In June 2016, patent attorney Derek Lavender got into a motorcycle accident on his way to work and broke his spine. A year later—after extensive physical and emotional healing—he and his wife, LeAnne, a content manager, traded in their place in Indianapolis for a house that would better accommodate Derek’s new wheelchair. Their choice? A 2,700-square-foot ranch-style home with all the traditional fixings: a wide, open layout; minimal stairs; and a rambling lot.
These characteristics are particularly beneficial to those who use wheelchairs, but they make an ideal forever home for us all. “You can grow up and grow old in them,” say the Lavenders. Their lack of stairs means you (and perhaps your parents) will be able to comfortably move about as you age. Plus their communal spaces are usually next to one another, so the removal of just one wall significantly opens them up, a great asset for big families. Still need more room? The ranch’s typically large lot makes expansion or the addition of an ADU (aka an extra, separate living space in the backyard) a breeze.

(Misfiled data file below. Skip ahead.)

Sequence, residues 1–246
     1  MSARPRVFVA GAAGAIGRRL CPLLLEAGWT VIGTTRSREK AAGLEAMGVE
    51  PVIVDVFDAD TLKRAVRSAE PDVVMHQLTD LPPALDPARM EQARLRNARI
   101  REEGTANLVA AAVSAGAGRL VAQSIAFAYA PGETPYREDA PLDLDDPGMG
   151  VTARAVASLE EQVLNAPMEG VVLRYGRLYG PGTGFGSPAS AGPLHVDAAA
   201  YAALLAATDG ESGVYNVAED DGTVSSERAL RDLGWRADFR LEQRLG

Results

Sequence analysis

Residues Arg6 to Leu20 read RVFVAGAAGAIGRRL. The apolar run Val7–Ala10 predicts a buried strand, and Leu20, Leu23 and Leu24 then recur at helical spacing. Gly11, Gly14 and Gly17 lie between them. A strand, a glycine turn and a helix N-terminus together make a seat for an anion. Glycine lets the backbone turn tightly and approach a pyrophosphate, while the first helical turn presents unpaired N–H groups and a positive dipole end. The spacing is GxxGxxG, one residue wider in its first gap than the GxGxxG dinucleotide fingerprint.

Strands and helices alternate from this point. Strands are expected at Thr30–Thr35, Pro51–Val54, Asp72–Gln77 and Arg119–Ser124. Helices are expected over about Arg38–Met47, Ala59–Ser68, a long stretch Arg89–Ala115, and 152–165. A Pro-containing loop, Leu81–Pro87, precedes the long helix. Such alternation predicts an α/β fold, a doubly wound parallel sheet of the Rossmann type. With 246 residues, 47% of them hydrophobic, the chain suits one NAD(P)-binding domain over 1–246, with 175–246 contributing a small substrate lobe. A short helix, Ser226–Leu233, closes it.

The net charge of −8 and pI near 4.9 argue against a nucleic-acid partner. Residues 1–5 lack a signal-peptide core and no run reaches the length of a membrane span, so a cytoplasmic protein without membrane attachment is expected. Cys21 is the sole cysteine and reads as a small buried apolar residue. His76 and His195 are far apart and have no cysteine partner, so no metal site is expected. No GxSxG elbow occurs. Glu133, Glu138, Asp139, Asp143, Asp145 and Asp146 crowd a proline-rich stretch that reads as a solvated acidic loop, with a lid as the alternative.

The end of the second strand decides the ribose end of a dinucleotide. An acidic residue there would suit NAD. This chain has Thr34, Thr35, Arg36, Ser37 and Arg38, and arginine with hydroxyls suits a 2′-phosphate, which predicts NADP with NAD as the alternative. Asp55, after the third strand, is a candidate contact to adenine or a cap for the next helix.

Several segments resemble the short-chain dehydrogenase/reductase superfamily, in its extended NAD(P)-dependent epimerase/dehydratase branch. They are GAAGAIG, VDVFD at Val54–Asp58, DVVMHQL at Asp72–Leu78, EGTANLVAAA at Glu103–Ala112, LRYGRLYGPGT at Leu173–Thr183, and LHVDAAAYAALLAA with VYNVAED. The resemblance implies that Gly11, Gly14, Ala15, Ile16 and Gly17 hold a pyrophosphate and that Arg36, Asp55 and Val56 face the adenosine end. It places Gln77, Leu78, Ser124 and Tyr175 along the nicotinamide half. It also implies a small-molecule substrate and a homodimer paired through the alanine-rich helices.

Not all ranches are created equal, though. When hunting for your own, the Lavenders recommend narrowing your search to those built after 1990, the year the Americans with Disabilities Act was signed into law. Even if you don’t use a wheelchair, this will ensure the home’s doorways and halls meet minimum accessibility guidelines and can accommodate one. Also, filter out properties with bathrooms that come with separate toilet rooms in favor of open-concept ones that your family and guests of all abilities will be able to navigate for years to come. Keep all this in mind, and the next time you go house shopping may just be your last.